2014-07-28 by Robbin Laird
In a recent article published by Leatherneck magazine, I have reviewed the nature of the distributed laydown mandated by the National Command Authority and the challenge of ensuring that a distributed force can work effectively organically, with the joint force and with allies.
The full article can be seen on the Leatherneck magazine website but I would like to highlight the main thrust of the impact of high demand for a distributed force:
The U.S. Marine Corps is in the throes of a significant shift in the Pacific in the disposition of its forces. Because two thirds of Marines are deployed to the Pacific, such a shift is a key event in shaping the Marine Corps stance in the decade ahead.
Just as the Marines are transitioning, so is the U.S. Air Force shifting toward a more flexible deployment stance as well.
That means that USAF lift is going to be dedicated increasingly to supporting the deployment of distributed airpower. That will enhance the importance of the U.S. Navy-Marine approach to sustainment with their own assets.
The demand to support distributed forces is rising and will require attention to be paid to the connectors, lifters and various support elements.
Part of that demand can be met as allies modernize their own support elements, such as Australia and Singapore adding new Airbus tankers which could be leveraged to support Marine Corps Ospreys as well as other aircraft.
Indeed, a key element of the distributed laydown of our forces in the Pacific is the fact that it is occurring as core allies in the region are reshaping and modernizing their forces as well as partners coming to the table who wish to work with and host USMC forces operating on a rotational basis with their forces. The military and political demands for the kind of forces that the Marines are developing also are what allies and partners want for their operations.
In turn, this drives up the importance of exercises in the Pacific with joint and coalition forces to shape new capabilities for the distributed force.
The distributed laydown, the evolution of the capabilities for distributed forces, the modernization of allied forces and the growing interest in a diversity of partners to work with the USMC are all part of shaping what might be called a deterrence-in-depth strategy to deal with the threats and challenges facing the United States and its allies in shaping a 21st-century approach to Pacific defense….
The demand on airlift is significant, and it’s clear from developments in the Pacific and new approaches like Special Purpose MAGTFs that KC-130Js need to be plussed up.
LtGen Robling underscored the nature of the challenge: “The demand signal goes up every year while the cost of using the lift goes up every year as well. This has me very concerned.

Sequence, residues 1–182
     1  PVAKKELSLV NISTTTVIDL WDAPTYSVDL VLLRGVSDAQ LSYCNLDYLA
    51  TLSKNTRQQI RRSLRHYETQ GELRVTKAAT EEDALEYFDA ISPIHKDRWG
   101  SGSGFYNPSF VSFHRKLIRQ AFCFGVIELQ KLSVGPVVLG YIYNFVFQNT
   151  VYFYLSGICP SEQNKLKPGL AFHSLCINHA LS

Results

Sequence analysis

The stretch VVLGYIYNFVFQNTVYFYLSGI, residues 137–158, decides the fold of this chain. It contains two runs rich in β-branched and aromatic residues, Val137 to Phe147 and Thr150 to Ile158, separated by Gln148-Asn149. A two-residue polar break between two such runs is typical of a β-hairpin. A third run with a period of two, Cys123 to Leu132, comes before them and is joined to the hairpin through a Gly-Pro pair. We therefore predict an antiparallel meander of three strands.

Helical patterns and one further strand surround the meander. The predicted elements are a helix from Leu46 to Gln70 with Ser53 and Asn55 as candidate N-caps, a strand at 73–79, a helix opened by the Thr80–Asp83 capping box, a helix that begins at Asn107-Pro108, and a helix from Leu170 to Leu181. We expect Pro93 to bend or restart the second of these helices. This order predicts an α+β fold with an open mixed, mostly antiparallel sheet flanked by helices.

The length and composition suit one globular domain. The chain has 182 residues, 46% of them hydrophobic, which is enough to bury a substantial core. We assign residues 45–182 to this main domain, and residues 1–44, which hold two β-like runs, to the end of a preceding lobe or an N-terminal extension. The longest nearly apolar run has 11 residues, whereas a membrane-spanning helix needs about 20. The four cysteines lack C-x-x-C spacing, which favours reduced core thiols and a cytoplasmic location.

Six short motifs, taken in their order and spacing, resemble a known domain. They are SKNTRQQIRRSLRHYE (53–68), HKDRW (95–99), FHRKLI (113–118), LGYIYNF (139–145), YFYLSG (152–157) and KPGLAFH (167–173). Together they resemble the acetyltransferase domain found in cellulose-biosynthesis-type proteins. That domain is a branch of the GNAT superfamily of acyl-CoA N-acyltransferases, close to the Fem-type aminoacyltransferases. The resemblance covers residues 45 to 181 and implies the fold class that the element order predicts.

“The truth of the matter is the Asia Pacific region is 52 percent of the globe’s surface, and there are over 25,000 islands in the region. The distances and times necessary to respond to a crisis are significant. The size of the AOR [area of responsibility] is illustrated in part by the challenge of finding the missing Malaysian airliner.
“If you don’t have the inherent capability like the KC-130J aircraft to get your equipment and people into places rapidly, you can quickly become irrelevant. General Hawk Carlisle uses a term in his engagement strategy which is ‘places not bases.’
“America doesn’t want forward bases. This means you have to have the lift to get to places quickly, be able to operate in an expeditionary environment when you get there, and then leave when we are done.
“Strengthening our current partnerships and making new ones will go a long way in helping us be successful at this strategy,” the general added. “We have to be invited in before we can help. If you don’t have prepositioned equipment already in these countries, then you have to move it in somehow.
“And, right now, we’re moving in either via naval shipping, black-bottom shipping, or when we really need it there quickly, via KC-130J aircraft or available C-17 aircraft. Right now, we are the only force in the Pacific that can get to a crisis quickly, and the only force that operates as an integrated air, sea and ground organization.”
Allies see the Marines clearly on the right path, and that path is a powerful one.
But funding for the capabilities needed and the proper training will not happen by itself.
Amazingly, the USMC exercise budget is under regular attack.
The KC-130Js are not being procured in the numbers needed, and too many inside Washington, D.C., have not recognized what the evolution of a tilt-rotor-enabled ground force can be for 21st-century operations.
The Marines are innovators; however, they need support to turn those innovations into the combat realities the United States will need in the decade ahead.
And for a flip book version of the article: